Exhibit / February 2, 2017
Object Name: Ganzfeld test subjects
Maker and Year: Photographer Michal Doran, circa 1972 (first two photos); Ralph Crane, 1972 (b/w photo)
Object Type: Photographs
Image Source: Into The Unknown, Reader’s Digest, 1981; Life magazine, 1972
Description (Michael Grasso):
With the popularity of psychic experimentation and testing on the rise in the early 1970s, new methods attempting to verify the existence of ESP were devised. The Division of Parapsychology and Psychophysics at the Maimonides Medical Center in New York City grew out of that institution’s dream research division. Charles Honorton, Director of Research at the parapsychology lab at Maimonides, began to perform “ganzfeld” (German for “full field” or “entire field”) experiments, testing for a possible link between sensory deprivation and ESP. A “receiver” would experience partial sensory deprivation (here, accomplished by halved ping-pong balls over the receiver’s eyes and “pink noise” within the headphones). The “sender,” meanwhile, would sit in another room, receiving sensory input (in the case of the second photo above, in the form of a title card from 1970-71 children’s show Lancelot Link, Secret Chimp). Honorton’s hypothesis was that eliminating competing signals to the senses would allow receivers to more narrowly focus on ESP communication. Honorton and his colleague Sharon Harper published their preliminary findings in 1974 in the Journal of the American Society for Psychical Research, which led to a decade of further testing. By the 1980s, mainstream peers had found many weaknesses in Honorton’s research methods and his work had been largely discredited.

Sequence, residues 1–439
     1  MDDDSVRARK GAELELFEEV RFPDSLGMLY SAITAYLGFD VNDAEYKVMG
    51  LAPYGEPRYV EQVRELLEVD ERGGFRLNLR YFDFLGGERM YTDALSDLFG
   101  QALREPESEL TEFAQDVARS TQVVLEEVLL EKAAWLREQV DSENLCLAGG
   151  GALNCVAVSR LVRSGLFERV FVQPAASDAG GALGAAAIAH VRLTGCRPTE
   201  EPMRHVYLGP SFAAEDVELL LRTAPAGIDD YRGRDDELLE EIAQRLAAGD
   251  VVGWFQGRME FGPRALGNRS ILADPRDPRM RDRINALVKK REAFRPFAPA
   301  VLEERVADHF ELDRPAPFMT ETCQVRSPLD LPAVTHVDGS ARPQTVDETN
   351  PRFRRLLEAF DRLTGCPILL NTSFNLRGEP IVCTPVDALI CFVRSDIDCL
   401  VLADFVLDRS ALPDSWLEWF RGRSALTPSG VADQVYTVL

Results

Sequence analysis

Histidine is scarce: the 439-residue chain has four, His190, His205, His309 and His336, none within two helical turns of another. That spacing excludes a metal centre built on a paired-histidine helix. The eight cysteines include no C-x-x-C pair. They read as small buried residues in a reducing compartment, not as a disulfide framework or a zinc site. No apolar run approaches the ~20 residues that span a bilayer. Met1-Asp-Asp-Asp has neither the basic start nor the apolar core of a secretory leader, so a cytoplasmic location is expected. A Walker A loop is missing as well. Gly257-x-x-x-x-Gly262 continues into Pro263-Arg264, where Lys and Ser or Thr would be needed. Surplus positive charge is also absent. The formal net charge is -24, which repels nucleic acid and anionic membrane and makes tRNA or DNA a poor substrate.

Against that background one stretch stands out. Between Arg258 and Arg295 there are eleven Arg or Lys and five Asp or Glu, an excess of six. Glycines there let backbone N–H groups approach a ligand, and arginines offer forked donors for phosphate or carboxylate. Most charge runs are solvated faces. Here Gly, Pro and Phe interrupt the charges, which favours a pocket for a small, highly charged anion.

Another prominent ganzfeld researcher who contributed to Honorton’s work was Carl Sargent, who performed ganzfeld experiments in the late ’70s at Cambridge University, where he received the school’s first Ph.D. in parapsychology. An early Dungeons & Dragons enthusiast, Sargent would eventually leave the field of parapsychology and go on to write several TSR modules and books for the Advanced Dungeons & Dragons line in the ’80s and ’90s.